We don’t ‘nickel and dime’ you by supplying scant, unusable riband lengths, or worse, making riband a hidden-in-the-fine-print optional extra – every medal comes with 250mm of riband (full size) and 150mm (miniature). Ample for a complete professional court mount.

  • 0 out of 5

    Pingat Jasa Malaysia

    In 2004 the Government of Malaysia made an offer to confer a special medal of service to eligible current and former Australian Servicemen and women who served in Malaysia over the period 31 August 1957 to 31 December 1966. As the PJM is a foreign award, the Department of Defence will be acting as an agent for the Malaysian Government. In all possible circumstances, senior representatives from the Malaysian Government will present medals personally to recipients, including the next of kin in cases of posthumous awards. In accordance with Australian privacy regulations, provision is made on the application form for an applicant to elect not to have this information passed on. Arrangements will be made for these to be separately dispatched to the recipient by Australian Defence officials.

    There are two categories of eligibility that will be assessed by the Department of Defence and the Department of the Prime Minister and Cabinet for eligibility for the Pingat Jasa Malaysia. These are:

    Category One:

    a. Those members of the ADF who were on the posted strength of a unit or formation and served in the prescribed operational area of Malaysia and Singapore, in direct support of operations in Malaysia for 90 days or more, in the aggregate as follows:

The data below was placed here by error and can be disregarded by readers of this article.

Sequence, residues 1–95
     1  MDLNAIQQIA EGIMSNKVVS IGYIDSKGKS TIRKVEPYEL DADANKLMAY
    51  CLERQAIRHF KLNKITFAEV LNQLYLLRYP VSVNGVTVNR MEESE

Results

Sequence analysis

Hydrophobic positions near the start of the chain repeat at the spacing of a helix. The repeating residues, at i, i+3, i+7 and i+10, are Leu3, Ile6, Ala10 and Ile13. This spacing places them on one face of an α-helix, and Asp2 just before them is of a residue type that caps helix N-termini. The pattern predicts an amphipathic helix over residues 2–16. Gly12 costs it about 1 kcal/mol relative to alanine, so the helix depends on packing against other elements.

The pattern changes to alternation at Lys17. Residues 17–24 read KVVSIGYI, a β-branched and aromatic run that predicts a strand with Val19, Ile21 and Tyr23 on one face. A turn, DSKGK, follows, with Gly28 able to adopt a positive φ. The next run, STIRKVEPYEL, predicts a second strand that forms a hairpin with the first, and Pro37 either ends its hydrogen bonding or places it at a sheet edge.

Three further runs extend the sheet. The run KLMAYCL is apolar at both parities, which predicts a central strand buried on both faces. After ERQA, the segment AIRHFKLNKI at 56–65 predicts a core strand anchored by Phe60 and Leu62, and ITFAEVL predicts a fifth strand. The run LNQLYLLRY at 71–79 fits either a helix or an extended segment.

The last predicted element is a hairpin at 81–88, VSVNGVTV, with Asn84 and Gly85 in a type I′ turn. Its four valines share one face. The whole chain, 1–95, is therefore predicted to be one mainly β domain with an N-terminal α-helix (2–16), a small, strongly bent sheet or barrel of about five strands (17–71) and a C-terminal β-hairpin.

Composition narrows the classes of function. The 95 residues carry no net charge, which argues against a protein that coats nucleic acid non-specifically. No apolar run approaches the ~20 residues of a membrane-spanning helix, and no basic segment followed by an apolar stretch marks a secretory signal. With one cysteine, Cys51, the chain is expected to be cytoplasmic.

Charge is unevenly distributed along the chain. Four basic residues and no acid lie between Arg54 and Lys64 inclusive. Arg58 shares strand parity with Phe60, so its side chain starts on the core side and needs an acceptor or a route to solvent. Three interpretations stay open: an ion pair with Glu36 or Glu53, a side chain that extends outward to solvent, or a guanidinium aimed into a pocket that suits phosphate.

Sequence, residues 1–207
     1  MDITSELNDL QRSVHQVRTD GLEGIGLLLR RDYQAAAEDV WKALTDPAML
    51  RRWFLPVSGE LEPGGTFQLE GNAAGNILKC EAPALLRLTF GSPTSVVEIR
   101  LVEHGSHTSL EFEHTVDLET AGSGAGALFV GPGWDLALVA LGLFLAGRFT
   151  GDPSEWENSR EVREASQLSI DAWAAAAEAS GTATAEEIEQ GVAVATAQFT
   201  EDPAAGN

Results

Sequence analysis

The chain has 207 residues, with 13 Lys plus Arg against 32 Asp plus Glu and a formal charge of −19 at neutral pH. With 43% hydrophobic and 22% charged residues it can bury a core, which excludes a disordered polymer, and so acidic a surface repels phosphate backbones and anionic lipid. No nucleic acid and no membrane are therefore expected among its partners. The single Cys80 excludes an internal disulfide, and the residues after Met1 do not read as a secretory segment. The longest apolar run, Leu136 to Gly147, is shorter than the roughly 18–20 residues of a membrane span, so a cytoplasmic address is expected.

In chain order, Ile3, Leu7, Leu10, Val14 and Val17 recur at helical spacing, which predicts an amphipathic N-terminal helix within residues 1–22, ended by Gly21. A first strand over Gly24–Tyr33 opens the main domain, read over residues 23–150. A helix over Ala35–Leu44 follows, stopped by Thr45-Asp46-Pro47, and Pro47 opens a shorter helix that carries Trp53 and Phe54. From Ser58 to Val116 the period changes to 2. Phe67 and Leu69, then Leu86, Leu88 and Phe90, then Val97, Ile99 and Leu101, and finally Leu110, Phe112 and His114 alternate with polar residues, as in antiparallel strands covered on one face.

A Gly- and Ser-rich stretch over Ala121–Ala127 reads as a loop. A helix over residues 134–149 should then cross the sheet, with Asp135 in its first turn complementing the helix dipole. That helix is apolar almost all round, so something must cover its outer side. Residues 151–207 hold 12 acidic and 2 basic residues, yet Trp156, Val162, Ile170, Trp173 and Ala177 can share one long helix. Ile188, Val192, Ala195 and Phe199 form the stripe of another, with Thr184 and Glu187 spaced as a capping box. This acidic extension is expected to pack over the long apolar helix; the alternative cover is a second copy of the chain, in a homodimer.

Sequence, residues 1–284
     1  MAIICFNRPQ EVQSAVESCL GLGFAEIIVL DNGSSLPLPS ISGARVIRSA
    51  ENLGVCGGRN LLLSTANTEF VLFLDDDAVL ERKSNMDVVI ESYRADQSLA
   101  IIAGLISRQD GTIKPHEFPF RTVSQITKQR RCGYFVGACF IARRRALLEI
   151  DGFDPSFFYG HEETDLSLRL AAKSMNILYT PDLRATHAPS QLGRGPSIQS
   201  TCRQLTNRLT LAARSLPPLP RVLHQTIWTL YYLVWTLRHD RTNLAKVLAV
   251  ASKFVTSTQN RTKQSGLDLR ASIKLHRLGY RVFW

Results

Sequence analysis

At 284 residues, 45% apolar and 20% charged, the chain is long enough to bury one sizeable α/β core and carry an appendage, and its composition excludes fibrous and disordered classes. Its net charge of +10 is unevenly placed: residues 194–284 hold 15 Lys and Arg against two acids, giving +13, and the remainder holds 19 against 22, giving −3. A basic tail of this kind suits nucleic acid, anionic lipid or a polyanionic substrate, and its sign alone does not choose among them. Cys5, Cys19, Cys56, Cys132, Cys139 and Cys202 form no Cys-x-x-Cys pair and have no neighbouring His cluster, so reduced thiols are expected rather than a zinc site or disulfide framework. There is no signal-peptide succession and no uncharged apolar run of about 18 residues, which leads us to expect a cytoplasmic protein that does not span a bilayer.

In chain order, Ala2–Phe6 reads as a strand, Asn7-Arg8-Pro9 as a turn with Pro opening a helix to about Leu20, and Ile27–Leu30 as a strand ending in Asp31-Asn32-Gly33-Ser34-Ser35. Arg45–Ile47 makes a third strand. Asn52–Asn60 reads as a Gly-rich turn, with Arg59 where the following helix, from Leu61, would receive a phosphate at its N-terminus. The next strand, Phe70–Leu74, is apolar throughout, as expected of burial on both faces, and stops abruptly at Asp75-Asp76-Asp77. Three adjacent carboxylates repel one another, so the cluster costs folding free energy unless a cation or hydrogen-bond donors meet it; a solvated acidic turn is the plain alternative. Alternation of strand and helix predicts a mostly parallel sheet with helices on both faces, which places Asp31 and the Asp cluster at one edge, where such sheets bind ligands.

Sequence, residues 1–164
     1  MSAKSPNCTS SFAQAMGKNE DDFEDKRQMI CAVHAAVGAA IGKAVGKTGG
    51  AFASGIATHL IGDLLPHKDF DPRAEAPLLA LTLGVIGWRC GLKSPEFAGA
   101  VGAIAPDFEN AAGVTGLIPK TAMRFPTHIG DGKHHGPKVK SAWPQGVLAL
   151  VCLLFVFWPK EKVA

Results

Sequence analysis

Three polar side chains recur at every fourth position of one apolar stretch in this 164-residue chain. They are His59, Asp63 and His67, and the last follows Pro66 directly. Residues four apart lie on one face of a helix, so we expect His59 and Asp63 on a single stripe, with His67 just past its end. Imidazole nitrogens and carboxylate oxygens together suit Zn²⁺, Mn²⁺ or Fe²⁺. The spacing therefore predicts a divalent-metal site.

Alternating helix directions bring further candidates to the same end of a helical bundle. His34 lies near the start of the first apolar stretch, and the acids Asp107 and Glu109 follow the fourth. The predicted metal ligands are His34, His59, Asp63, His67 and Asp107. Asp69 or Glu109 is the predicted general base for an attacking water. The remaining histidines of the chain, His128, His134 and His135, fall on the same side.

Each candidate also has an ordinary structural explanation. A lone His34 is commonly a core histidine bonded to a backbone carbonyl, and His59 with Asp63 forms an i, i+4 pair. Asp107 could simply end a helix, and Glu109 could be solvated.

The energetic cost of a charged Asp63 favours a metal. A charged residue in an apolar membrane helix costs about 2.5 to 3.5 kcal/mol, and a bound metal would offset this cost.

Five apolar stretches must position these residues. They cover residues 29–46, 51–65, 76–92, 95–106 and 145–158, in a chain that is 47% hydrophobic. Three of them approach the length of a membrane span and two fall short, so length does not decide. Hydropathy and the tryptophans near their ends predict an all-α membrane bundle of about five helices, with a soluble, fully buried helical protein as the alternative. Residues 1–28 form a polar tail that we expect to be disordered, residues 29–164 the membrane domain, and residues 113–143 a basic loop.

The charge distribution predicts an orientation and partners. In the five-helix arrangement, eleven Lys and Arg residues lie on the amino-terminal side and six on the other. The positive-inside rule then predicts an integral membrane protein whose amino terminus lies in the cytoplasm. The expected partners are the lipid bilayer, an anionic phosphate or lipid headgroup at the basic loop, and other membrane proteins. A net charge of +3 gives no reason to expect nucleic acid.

(1) Malaysia during the period 31 Aug 1957 and Dec 1966 incl; or
    (2) Singapore during the period 31 Aug 1957 and 9 Aug 1965 incl.
    Qualifying service between 12 Aug 1966 and 31 Dec 1966 may only apply if a member was posted for operations to Malaysia on or before 12 Aug 1966.
    The prescribed operational area of Malaysia and Singapore is the landmass of East Malaysia (that is: the States of Sabah and Sarawak on the Island of Borneo), the Malay Peninsula and the Island of Singapore extending 12 nautical miles seaward from the coast of these areas.
    b. Those members of the Australian Defence Force who were on the posted strength of a unit or formation outside the prescribed operational area above, but served in a secondary role in indirect support of operations in Malaysia for 180 days or more, in the aggregate, during the period 31 Aug 1957 to 31 Dec 1966 incl.